4. Todd says:

    “How do you hear what any confessors say to penitents other than yourself?”

    I don’t. Thankfully. But I do hear priests bemoan the quantity of “devotional” confessions. What I don’t know–again, nobody tells me–is what kind of penances confessors give to penitents committing minor sins. Just a curiosity.

  5. John Heavrin says:

    Attempting to be snark-free, I ask: is it not improper for a priest to discuss even in general terms what he does or what happens within his confessional? As in, what types of penances he gives, etc.? Just asking.

    I don’t know if the “seal” is still construed this broadly, but I’ve heard that once it extended not only to the contents of a confession, but to whether a particular person’s confession had been heard at all. Discussing what happens in the confessional even in general terms seems potentially problematic, it occurs to me.

    Also, I believe it to be the case that whatever a penitent is bound by the seal should he chance to overhear another person’s confession in whole or in part…I’m sure I’ll be corrected here if that is not the case. Seems self-evident; I myself have overheard bits of confessions and certainly consider myself bound.

  6. John Heavrin says:

    Strike the “whatever” in the last paragraph above, please.

  7. Liam says:


    Yes, we are bound by the seal if we overhear another’s confession.

    But discussing confessions as a general matter and discussing one assigns penances in a general way is not the least bit problematic. I mean, we can even see when Mr H goes into the confessional with Fr I. The seal is strong and wide, but not that scrupulous.

  8. John Heavrin says:

    A lawyer will correct me, but I believe under the priest-penitent privilege, a priest cannot be compelled to reveal not only what he heard in a confession, but whether he heard one, or to discuss in general terms the “types” of things he might have heard from time to time, etc. That’s the law, not a theological discussion. I think if I were a priest, I wouldn’t really want to “go there” even in general terms.

  9. John Heavrin says:

    If Mr. H is seen going into the confession, then one who saw could testify that he saw him. But if nobody saw him, I don’t believe a priest could be compelled to answer: “Did you hear Mr. H’s confession?” Even if followed by “Now, I don’t want to know what he said, heavens no. I’m just asking, did you hear his confession.”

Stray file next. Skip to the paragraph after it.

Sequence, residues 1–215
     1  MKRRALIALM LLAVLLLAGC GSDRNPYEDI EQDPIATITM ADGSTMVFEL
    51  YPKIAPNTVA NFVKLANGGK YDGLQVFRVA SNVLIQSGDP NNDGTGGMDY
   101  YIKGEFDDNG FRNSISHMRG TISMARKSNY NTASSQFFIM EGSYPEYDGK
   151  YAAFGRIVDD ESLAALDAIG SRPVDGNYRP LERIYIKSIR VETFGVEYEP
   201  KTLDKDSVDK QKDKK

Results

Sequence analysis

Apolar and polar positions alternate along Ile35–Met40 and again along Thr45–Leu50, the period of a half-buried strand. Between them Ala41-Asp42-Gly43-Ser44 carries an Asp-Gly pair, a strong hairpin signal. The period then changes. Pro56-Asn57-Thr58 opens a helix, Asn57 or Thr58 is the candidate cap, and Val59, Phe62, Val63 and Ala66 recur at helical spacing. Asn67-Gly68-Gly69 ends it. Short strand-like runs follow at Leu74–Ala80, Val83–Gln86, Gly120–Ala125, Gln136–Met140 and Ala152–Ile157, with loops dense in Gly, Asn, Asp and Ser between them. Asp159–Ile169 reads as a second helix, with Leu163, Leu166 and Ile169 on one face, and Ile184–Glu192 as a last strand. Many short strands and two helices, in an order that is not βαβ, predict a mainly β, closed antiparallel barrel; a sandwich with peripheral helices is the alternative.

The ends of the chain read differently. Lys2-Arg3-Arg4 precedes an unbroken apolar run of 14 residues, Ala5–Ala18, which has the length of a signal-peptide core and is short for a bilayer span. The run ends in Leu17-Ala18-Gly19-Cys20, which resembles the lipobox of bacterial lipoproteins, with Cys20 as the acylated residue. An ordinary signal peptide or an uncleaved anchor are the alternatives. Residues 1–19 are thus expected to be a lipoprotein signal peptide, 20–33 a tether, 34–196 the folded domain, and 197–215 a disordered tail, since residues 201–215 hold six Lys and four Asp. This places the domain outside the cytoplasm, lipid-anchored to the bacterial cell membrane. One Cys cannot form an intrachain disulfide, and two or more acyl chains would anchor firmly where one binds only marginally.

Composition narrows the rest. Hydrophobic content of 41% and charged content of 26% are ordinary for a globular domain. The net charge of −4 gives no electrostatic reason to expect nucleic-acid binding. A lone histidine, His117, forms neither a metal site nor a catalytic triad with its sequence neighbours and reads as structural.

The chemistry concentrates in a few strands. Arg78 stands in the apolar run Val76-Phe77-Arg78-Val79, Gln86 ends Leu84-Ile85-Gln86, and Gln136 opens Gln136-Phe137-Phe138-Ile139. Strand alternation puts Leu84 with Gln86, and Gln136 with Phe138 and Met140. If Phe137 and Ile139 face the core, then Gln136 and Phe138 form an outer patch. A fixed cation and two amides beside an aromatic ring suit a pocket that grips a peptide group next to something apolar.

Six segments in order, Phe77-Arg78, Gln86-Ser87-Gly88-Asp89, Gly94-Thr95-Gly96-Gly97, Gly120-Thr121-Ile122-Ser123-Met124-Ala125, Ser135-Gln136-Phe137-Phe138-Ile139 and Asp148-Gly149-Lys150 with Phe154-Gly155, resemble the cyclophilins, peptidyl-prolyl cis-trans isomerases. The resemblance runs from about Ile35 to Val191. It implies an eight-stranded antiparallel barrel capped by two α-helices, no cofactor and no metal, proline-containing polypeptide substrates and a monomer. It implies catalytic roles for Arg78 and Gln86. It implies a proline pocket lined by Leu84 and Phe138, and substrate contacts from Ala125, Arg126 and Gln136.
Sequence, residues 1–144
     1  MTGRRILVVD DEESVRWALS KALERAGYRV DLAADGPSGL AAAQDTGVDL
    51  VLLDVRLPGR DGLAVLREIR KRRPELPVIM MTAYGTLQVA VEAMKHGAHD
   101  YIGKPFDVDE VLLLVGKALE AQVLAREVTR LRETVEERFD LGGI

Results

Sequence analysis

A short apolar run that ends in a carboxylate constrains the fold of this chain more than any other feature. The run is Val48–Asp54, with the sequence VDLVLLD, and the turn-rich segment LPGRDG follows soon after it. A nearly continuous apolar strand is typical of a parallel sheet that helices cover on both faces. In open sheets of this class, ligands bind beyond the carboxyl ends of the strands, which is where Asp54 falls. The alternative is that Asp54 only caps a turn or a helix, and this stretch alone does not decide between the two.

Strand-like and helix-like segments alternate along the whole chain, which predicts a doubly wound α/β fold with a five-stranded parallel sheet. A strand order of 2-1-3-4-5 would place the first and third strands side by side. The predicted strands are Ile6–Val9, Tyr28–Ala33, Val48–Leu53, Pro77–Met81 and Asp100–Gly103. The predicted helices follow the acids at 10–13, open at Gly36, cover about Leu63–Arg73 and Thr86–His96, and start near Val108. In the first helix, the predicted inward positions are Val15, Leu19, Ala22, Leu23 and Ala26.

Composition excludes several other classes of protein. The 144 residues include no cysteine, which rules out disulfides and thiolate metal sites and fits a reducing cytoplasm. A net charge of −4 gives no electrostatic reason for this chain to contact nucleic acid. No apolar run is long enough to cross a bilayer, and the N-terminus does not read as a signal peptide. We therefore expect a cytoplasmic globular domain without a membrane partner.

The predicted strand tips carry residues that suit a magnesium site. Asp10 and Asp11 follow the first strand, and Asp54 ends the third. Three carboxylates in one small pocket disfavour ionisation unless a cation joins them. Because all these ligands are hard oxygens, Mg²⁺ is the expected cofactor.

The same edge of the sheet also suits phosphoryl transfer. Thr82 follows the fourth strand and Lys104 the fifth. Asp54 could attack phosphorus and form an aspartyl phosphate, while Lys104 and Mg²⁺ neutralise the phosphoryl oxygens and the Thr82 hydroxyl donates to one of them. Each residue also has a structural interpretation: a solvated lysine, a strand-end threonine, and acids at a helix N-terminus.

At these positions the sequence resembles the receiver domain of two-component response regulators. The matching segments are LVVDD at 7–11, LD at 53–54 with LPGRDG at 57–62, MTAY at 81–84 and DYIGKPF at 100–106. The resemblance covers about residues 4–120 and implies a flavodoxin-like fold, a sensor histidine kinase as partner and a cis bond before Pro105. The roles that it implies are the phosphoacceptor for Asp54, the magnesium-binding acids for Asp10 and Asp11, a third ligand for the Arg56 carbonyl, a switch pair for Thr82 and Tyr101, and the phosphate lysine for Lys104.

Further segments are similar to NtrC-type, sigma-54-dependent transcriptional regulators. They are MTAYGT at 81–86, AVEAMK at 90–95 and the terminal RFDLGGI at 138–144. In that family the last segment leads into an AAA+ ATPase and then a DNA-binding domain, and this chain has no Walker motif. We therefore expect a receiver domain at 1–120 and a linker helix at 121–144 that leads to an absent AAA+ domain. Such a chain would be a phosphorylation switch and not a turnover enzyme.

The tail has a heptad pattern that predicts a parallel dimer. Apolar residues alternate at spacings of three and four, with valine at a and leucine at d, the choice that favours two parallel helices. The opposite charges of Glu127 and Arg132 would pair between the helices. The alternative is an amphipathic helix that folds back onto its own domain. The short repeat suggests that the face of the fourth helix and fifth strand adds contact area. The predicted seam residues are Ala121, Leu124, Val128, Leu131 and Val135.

Perhaps I’m wrong though and a priest would be forced to give an answer.

  10. Liam says:


    A priest cannot disclose that he heard any individual’s confessions. He may, however, freely disclose that he hears confessions of (unidentified) individuals at a regularly appointed hours. I don’t believe he is barred from saying if he has heard deveotional confessions in a general way – he may even discuss his approach and recommendations re the scrupulous (this is, in fact, a *favorite* topic of discussion addressed by the very orthodox priests over at EWTN). But none of this is tied to an individual’s confession; it is about the confessor’s method, not the penitent’s sins.

  11. John Heavrin says:

    Just my personal belief: on this particular matter, the line between prudence and imprudence is a thin one. There’s something almost…prurient about discussing even in general terms what goes on behind closed confessional doors.

    If you want to know what a priest says and does in confession, there’s an obvious way to find out: go.

  12. FrMichael says:

    Liam– short answer to your question: yes.

    John H– the seal of the confessional is stated in canons 983 and 984. As you can see, it is based completely upon the protecting the individual penitent. I certainly was trained that this protection extended even to the point of refusing to answer whether a specific person made a confession or not.

    I don’t think a general blog discussion such as this, which has no potential of being linked to specific penitents, is problematic.

    Also note that the seal is described canonically only in terms of the confessor and interpreter. Naturally, of course, any other person who inadvertantly hears parts of a confession has a moral obligation to remain silent as well.